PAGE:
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The western media is part of one bloc opposed to another. India meanwhile, is engaged with all. It will, of course, not be easy to unhinge the foreign policy elite from old ways of thinking because of its inability to accept the disappearance of the unipolar world. This pro US tilt in the elite’s intellectual makeup does not have its origins in the collapse of the Soviet Union only but it has a longer history. When Nehru was leading the Non Aligned movement, his handpicked Secretary General of the foreign office, Sir Girija Shankar Bajpai, was more inclined towards the US where he had served as the Agent General of British India.

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Take another example. At a time when the Indian Ambassador in Moscow could speak to key members of the Central Committee on the phone, the Birlas and the Jains posted no correspondents to Moscow. In fact the culture of dependence on former colonial masters to fill our foreign pages is all pervasive. The new foreign policy will need a new culture of covering foreign affairs.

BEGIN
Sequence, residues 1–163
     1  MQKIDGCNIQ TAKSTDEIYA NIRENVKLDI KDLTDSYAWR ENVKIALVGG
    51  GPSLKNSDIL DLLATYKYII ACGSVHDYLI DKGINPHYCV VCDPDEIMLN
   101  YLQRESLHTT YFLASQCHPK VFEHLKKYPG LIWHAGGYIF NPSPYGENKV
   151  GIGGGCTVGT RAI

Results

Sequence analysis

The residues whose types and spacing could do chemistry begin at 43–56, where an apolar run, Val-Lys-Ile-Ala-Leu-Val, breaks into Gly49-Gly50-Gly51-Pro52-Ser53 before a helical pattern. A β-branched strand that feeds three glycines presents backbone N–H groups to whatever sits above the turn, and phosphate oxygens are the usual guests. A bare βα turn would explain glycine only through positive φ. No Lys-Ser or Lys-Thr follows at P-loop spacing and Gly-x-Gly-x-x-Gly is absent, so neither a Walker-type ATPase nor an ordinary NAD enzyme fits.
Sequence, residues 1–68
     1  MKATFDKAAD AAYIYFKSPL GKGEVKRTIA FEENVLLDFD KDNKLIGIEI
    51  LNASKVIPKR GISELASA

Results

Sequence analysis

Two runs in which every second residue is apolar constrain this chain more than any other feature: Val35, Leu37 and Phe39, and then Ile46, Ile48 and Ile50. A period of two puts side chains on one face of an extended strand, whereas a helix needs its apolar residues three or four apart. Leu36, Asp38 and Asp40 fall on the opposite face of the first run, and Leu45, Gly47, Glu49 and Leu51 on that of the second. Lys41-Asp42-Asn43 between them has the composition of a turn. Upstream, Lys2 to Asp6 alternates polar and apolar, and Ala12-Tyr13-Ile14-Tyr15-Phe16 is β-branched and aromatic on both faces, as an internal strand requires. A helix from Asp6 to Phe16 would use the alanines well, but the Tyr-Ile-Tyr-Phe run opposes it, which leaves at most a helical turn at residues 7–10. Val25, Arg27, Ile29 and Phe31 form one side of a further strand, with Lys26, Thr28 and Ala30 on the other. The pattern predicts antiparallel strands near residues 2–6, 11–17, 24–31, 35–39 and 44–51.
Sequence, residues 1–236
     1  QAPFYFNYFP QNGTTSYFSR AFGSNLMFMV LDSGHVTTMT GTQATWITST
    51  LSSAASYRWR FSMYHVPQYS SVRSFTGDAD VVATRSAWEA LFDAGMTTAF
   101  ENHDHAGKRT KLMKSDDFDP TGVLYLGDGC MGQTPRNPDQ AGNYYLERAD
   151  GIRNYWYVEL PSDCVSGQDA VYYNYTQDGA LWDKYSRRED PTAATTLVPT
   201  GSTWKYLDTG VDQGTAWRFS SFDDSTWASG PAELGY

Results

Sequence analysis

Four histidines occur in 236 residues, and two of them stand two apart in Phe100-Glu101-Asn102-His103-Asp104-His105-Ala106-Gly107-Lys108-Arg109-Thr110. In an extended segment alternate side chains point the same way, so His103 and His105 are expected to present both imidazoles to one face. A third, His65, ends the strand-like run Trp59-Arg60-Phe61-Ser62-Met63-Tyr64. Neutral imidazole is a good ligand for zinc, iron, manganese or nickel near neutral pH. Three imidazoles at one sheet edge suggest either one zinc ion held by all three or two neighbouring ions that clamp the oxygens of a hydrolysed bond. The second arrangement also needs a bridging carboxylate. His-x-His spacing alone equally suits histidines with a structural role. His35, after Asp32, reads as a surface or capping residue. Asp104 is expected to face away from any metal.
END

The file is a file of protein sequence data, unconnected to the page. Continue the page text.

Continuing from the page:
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Not having bureaus in Kabul, Iran, Dhaka, Myanmar, Beijing, Moscow, London, Islamabad, Washington and key stations in South East Asia, Latin America, Africa will leave us gasping for breath, not quite becoming an Asian power on the rise. Our effectiveness in Colombo would have been multiplied if we had had competing, news bureaus in the island during the current crisis.

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Curated and Compiled by Humra Kidwai

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Saeed Naqvi

Saeed Naqvi

Saeed Naqvi is a senior Indian journalist, television commentator, interviewer. He has interviewed world leaders and personalities in India and abroad, which appear in newspapers, magazines and on national television, remained editor of the World Report, a syndication service on foreign affairs, and has written for several publications, both global and Indian, including the BBC News, The Sunday Observer, The Sunday Times, The Guardian, Washington Post, The Indian Express, The Citizen and Outlook magazine. At the Indian Express, he started in 1977 as a Special Correspondent and eventually becoming, editor, Indian Express, Madras, (1979–1984), and Foreign Editor, The Indian Express, Delhi in 1984, and continues to writes columns and features for the paper.